U.S. issues travel warning to Mexico

HOUSTON The travel warning comes not only as Spring Break gets underway, but a lot of people are planning to go to Mexico to be with their families for Holy Week.

By car or by bus, even by plane, most of those we've talked to Monday planning to travel to Mexico have some reservations about going. It's tough they say to escape the images of all the bloodshed they've seen in recent days.

Inside the Mexican Consulate Monday, the lines are long and the concerns great.

"It does concern me. I don't want to go you know. I worry about it," said Geovanni Lugo.

He works nearby as a parking attendant and says much of his mother's family is still in Nuevo Leon. He says they live in fear.

"If you don't give them the ten percent of what you have, they'll kill your family," said Lugo.

A travel warning has been issued for tourists along border cities. Nearly 50 people were killed this weekend in apparent gang violence. In Ciudad Juarez, suspected drug gang hit men ambushed cars carrying a U.S. Consulate employee and her husband. Their infant daughter in the backseat was the sole survivor. Dependants of U.S. government employees living near the border have now been ordered to return to the states.

"I don't think it will get better anytime soon," said Ligia Canto.

She says she ran away from Mexico eight years ago, leaving behind her entire family. The violence even then she says was too much. Too many of her loved ones have already been victims.

"They have been kidnapped, mugged, cans in their homes, taken their cars. Oh yes, I'm worried," said Canto.

Consular officials Monday would not comment on the violence. But businesses that depend upon safe travel to Mexico say it's already taking a toll right here.

Mario Torres manages a business that helps folks get the papers necessary to drive legally across the border into Mexico. He says they actually are advising people not to drive into Mexico unless they have to.

Violent weekend leads to travel warning

Three people with ties to the U.S. Consulate were murdered just across the Texas-Mexico border. A mother and her husband were shot and killed in Ciudad Juarez with their baby in the car.

Attacks against American government employees in Mexico are rare, and the latest one has outraged President Barack Obama.

It has been a particularly violent weekend in Mexico. While some of the dead are involved in Mexico's drug trade, two of victims are a married couple just trying to go back home to Texas.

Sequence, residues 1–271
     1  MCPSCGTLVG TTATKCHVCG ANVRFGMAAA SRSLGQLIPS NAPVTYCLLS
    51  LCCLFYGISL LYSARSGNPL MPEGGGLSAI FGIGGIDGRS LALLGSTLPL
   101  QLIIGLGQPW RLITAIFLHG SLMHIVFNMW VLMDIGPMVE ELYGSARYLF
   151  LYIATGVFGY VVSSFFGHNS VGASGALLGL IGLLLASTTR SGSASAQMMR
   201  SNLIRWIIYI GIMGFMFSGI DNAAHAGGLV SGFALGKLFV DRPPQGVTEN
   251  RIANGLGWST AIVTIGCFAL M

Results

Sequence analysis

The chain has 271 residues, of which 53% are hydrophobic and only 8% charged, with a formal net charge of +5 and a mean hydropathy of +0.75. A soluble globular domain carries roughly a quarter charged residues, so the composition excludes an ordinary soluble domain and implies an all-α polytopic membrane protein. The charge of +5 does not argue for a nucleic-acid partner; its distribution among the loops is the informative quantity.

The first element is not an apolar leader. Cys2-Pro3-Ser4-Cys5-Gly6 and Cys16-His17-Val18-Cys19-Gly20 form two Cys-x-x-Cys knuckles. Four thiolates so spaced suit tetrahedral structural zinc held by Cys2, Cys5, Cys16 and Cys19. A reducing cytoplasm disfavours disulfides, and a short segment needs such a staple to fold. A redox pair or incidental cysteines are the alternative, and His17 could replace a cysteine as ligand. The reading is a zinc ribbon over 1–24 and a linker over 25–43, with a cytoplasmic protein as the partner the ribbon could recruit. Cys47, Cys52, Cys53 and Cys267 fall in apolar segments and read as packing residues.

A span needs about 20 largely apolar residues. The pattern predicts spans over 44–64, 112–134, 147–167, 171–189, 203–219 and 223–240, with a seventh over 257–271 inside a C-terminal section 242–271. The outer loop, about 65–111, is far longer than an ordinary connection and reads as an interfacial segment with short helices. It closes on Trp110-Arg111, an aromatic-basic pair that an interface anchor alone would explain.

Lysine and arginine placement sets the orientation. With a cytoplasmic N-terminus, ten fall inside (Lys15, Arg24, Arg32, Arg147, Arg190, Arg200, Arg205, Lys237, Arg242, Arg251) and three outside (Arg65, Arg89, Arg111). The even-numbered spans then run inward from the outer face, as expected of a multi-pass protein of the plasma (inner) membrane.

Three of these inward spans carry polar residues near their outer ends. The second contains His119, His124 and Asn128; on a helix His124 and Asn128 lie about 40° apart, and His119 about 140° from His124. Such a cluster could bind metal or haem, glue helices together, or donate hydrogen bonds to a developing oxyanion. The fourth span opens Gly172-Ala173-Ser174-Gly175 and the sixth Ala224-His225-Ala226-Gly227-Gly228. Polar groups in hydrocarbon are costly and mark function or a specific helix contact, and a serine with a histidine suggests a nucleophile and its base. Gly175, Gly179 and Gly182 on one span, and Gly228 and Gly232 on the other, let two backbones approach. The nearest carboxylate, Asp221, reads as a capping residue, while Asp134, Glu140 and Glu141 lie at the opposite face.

The latest victims in Mexico's violence are a U.S. Consulate employee and her husband. Lesley Enriquez and Arthur Redelfs were shot to death as they drove from Ciudad Juarez to their El Paso Texas home. Their six -month-old baby daughter was in the back seat, but survived the attack.

"I think it sends a signal for everybody that life on the border can be very dangerous," said Professor Mark Jones, Chair of Rice University Department of Political Science.

It is unclear if the couple was targeted or became caught in some kind of cartel cross-fire, but Mexico's drug war appears to be targeting some political officials. The mayor of the border city of Ciudad Juarez received a note attached to a pig's head.

"It's certainly a turning point that the mayor of a major city in Mexico is now being threatened in a very intimidating way with the kind of symbolism a pig's head represents," said Professor Mario Payan, UTEP Department of Political Science.

Following the recent killings, the State Department has authorized the departure of all dependents from its diplomatic posts along the U.S. border. A travel warning has also been issued for tourists during one of Mexico's biggest travel seasons, especially for the border cities.

Professor Jones explained where the warning may have the greatest impact.

"For Texans and Houstonians, the biggest area of concern this is raising is going across the border to Matamoras if you are going to South Padre Island, Jones said.

It has been a particularly bloody weekend in Mexico where 50 have been killed in apparent drug-gang violence, nine of them in the Pacific resort city of Acapulco.

President Obama expressed outrage over the killings, while Mexican President Felipe Calderon promised a swift investigation. Despite Mexico's efforts to diffuse the violence by deploying military troops throughout the country, innocent victims are still being killed.

"In the short term, the efforts of the Mexican government to crack down on the drug cartels are weakening the drug cartels, but at the same time increasing the level of violence in the country," said Jones.

U.S. citizens are urged to be alert to safety and security concerns when visiting the border region. In some cases, criminals have worn full or partial police or military uniforms and used vehicles that resemble police vehicles.

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